Staff in public service to seek further improvements in terms and conditions

Half of all private companies plan wage rises this year

The average pay increase anticipated for this year is about 2.8 per cent.  Photograph: Sean Gallup/Getty Images

The average pay increase anticipated for this year is about 2.8 per cent. Photograph: Sean Gallup/Getty Images

 

Staff in the public service will seek further improvements in their terms and conditions, union leaders have signalled.

A major conference on industrial relations on Thursday heard that the Lansdowne Road agreement, which was negotiated last year and which was supposed to govern pay in the public service until 2018, was already “creaking at the edges”.

The accord, which began to be implemented in January, seeks to roll back some of the cuts to terms and conditions imposed on public service employees following the economic crash.

However, union leaders said public servants would watch carefully a new study which indicated that companies in the private sector in many cases may grant increases of 2.8 percent on average this year.

Tom Geraghty, general secretary of the Public Service Executive Union said if economic growth rates of 7 percent was sustained, it was beyond doubt that the Government could not justify continuing with financial emergency legislation that was used to cut the wages of his members.

“If the existing high levels of growth continues, you can absolutely take it for granted that we will be looking to speed up the process of restoration. “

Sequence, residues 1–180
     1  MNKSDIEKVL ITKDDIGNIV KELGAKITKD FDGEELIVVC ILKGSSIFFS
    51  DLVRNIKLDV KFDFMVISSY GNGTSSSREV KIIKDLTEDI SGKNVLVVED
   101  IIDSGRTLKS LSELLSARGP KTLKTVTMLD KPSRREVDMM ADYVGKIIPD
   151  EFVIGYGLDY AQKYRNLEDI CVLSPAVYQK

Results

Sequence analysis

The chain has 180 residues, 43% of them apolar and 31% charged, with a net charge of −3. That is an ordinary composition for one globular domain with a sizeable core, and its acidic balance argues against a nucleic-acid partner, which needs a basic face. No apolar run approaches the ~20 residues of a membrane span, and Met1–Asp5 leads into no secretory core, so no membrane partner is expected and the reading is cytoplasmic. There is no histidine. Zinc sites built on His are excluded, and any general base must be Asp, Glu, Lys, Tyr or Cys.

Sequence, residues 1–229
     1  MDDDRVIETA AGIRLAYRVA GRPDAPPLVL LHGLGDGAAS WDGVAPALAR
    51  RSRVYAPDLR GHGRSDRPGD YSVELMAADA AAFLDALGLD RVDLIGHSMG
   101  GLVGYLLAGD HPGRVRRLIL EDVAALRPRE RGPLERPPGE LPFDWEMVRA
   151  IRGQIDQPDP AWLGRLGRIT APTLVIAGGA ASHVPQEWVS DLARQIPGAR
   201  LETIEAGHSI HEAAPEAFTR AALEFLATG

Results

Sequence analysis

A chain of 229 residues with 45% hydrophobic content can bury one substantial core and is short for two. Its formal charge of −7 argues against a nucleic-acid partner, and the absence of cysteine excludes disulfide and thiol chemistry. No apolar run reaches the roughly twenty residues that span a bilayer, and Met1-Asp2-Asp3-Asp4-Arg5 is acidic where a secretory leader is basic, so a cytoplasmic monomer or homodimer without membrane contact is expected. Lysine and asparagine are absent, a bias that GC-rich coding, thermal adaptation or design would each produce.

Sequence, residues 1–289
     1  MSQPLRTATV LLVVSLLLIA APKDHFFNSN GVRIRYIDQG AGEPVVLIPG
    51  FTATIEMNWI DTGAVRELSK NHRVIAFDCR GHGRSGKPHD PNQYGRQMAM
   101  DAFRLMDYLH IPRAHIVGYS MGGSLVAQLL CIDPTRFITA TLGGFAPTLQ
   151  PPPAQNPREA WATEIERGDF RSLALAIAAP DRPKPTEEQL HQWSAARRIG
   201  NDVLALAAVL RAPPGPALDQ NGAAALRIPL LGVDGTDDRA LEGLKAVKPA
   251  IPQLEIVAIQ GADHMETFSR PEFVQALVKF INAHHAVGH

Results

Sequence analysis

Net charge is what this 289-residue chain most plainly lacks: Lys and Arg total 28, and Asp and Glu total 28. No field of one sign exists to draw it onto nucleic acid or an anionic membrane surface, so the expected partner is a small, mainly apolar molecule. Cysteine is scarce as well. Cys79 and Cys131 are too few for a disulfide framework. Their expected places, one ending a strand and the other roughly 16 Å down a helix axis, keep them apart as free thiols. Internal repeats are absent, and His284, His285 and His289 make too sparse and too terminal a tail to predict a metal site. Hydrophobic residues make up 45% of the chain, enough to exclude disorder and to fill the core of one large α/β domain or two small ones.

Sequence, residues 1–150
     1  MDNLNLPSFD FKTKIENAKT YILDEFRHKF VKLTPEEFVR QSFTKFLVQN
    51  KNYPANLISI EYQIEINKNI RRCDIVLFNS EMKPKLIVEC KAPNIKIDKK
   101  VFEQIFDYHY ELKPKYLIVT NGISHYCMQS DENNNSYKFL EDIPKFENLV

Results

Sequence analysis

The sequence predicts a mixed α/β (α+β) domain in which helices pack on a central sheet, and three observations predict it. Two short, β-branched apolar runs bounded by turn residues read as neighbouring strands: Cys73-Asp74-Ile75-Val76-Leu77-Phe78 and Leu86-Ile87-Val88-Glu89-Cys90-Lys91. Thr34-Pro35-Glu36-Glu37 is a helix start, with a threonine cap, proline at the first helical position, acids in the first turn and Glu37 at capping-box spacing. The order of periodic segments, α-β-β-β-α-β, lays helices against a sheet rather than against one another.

Derek Mullen of the Civil Public and Services Union said while the ink was barely dry on the Lansdowne Road deal and implementation had only begun. It was beginning to freak at the edges.

He said the new private sector pay forecasts would “tell a tale in respect of the demands erector toto face from our members in the course of 2017.

“It is going to be difficult to keep people on message in terms of the content of the Lansdowne Road agreement. People see it as a start of pay restoration but are asking why they will see the main course.”

Half of all private sector companies are planning to increase pay for staff this year, according to the new survey.

The study carried out by the Chartered Institute of Personnel and Development and the specialist publication Industrial Relations News also says that almost one qaurter of firms are planning to maintain rates at existing levels.

The suvey of 584 companies was carried out in January and found that none were planning pay cuts this year.

It found that larger employers with more than 250 workers were more likely to be looking at pay rises this year.

The survey found that in the services sector staff in companies in recruitment/human resources, communications,hospitality, information technology and education were likely to see rises above this average.

In manufacturing, the survey suggested that workers in the food,drink and agribusiness manufacturing/processing could receive increases of more than 4 per cent.

The survey suggests that more than 81 per cent of companies are planning some sort of bonus payment this year to at least part of its workforce. A total of 43 per cent of companies said bonuses would be paid to all staff.

The study involved companies in both the services and manufacturing sectors.